The Effects of Exchange Rate Volatility on U.S. Forest Commodities Exports
This article addresses the impact of exchange rate volatility on U.S. exports of four forest commodities. Exchange rate volatility is measured by the standard deviation of the growth rate of real effective exchange rate of the U.S. dollar. The nonstationarity of individual time series is explicitly taken into account by employing multivariate cointegration analysis and error correction models. The results show that exchange rate volatility has a negative impact on U.S. exports in the long term, but short-term dynamics vary for different commodities. A stable currency policy in the long run helps promote U.S. exports of forest commodities, although some commodities may benefit from exchange rate volatility in the short term. FOR. SCI. 49(5):807–814.
Keywords: International trade; chips; environmental management; forest; forest management; forest resources; forestry; forestry research; forestry science; logs; natural resource management; natural resources; pulp; time-series analysis
Document Type: Miscellaneous
Affiliations: 1: Assistant Professor Department of Forestry, Mississippi State University, Mississippi State, MS, 58102, 2: Professor School of Forestry and Wildlife Sciences, Auburn University, Auburn, AL, 36849, Phone: 334-844-1067; Fax: 334-844-1084 email@example.com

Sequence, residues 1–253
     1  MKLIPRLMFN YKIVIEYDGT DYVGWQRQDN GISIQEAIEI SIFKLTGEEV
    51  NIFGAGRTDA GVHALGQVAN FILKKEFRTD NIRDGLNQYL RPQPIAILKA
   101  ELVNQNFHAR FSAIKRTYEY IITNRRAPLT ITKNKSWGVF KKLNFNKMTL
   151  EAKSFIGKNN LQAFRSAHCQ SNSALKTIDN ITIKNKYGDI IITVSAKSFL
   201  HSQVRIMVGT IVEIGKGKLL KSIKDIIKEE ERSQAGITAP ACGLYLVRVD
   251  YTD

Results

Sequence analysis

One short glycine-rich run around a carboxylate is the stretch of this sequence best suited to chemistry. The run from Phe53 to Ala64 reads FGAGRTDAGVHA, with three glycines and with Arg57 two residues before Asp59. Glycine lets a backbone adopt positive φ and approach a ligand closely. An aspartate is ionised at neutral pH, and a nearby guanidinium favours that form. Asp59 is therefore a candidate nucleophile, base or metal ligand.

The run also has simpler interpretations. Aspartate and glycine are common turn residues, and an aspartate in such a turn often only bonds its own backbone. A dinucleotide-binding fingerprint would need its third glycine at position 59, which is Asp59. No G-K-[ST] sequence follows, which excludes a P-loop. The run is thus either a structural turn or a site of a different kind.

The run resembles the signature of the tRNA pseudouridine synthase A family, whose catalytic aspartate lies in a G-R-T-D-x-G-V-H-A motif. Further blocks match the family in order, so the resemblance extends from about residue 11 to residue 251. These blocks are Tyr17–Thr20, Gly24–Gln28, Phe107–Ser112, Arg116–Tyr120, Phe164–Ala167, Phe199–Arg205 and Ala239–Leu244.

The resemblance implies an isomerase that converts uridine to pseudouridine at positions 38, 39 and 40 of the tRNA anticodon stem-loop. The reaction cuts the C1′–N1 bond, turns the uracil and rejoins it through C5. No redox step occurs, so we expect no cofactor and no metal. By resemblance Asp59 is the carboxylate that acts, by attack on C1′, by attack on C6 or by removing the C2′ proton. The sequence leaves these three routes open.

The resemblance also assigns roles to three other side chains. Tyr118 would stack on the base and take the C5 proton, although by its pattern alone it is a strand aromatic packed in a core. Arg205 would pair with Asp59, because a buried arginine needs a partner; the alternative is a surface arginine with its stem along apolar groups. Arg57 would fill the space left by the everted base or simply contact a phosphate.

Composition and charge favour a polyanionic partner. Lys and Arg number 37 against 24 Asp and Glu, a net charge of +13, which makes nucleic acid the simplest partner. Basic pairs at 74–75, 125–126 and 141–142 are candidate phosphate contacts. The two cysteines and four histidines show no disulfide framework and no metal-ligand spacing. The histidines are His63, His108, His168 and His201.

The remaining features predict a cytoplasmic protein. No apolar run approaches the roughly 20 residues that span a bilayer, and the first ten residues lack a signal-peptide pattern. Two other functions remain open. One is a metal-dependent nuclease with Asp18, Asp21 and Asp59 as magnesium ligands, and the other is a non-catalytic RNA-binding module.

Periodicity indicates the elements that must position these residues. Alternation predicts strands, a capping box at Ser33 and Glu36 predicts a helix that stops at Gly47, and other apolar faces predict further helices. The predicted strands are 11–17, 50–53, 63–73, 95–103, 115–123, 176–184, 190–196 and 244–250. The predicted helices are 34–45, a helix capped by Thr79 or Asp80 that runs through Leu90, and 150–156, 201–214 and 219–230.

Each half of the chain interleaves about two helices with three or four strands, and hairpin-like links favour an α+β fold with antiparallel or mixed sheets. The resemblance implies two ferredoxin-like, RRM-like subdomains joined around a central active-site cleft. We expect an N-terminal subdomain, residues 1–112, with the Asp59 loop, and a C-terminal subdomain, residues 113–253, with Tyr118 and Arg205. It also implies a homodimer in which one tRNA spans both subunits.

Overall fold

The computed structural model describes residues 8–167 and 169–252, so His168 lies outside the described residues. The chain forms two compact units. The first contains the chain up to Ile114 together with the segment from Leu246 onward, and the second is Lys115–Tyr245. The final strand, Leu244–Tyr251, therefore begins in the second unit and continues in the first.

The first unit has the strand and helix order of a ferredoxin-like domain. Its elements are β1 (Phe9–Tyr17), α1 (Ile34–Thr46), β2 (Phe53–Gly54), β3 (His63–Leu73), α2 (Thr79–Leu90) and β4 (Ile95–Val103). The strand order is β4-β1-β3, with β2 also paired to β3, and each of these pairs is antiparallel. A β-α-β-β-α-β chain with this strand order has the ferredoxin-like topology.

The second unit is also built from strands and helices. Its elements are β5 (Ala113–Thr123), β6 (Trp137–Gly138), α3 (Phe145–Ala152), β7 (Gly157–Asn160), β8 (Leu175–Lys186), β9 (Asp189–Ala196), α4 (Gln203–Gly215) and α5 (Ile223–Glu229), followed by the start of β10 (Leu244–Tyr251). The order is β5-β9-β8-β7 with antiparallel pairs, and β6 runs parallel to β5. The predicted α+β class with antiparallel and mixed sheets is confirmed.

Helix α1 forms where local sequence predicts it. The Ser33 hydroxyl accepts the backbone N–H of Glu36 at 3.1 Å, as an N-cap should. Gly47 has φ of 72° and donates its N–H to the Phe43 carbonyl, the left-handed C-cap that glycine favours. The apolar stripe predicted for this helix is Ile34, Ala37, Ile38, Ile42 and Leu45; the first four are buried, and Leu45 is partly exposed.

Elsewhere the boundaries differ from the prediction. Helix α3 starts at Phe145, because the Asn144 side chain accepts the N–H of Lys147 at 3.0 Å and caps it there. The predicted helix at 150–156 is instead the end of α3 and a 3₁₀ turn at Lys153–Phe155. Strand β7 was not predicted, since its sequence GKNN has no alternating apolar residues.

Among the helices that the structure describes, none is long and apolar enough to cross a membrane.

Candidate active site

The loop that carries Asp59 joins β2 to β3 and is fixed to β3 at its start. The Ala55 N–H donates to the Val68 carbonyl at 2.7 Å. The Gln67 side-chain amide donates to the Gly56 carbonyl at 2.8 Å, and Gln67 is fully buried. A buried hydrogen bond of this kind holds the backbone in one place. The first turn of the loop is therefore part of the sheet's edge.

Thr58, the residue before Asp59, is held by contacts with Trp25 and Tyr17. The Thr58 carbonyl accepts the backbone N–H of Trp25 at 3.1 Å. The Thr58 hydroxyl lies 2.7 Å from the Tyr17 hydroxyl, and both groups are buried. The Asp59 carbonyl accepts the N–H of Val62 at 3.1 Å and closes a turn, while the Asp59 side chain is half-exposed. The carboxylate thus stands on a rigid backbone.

Publication date: 2003-10-01
- Forest Science is a peer-reviewed journal publishing fundamental and applied research that explores all aspects of natural and social sciences as they apply to the function and management of the forested ecosystems of the world. Topics include silviculture, forest management, biometrics, economics, entomology & pathology, fire & fuels management, forest ecology, genetics & tree improvement, geospatial technologies, harvesting & utilization, landscape ecology, operations research, forest policy, physiology, recreation, social sciences, soils & hydrology, and wildlife management.
Forest Science is published bimonthly in February, April, June, August, October, and December.
2015 Impact Factor: 1.702
Ranking: 16 of 66 in forestry
Also published by SAF:
Journal of Forestry
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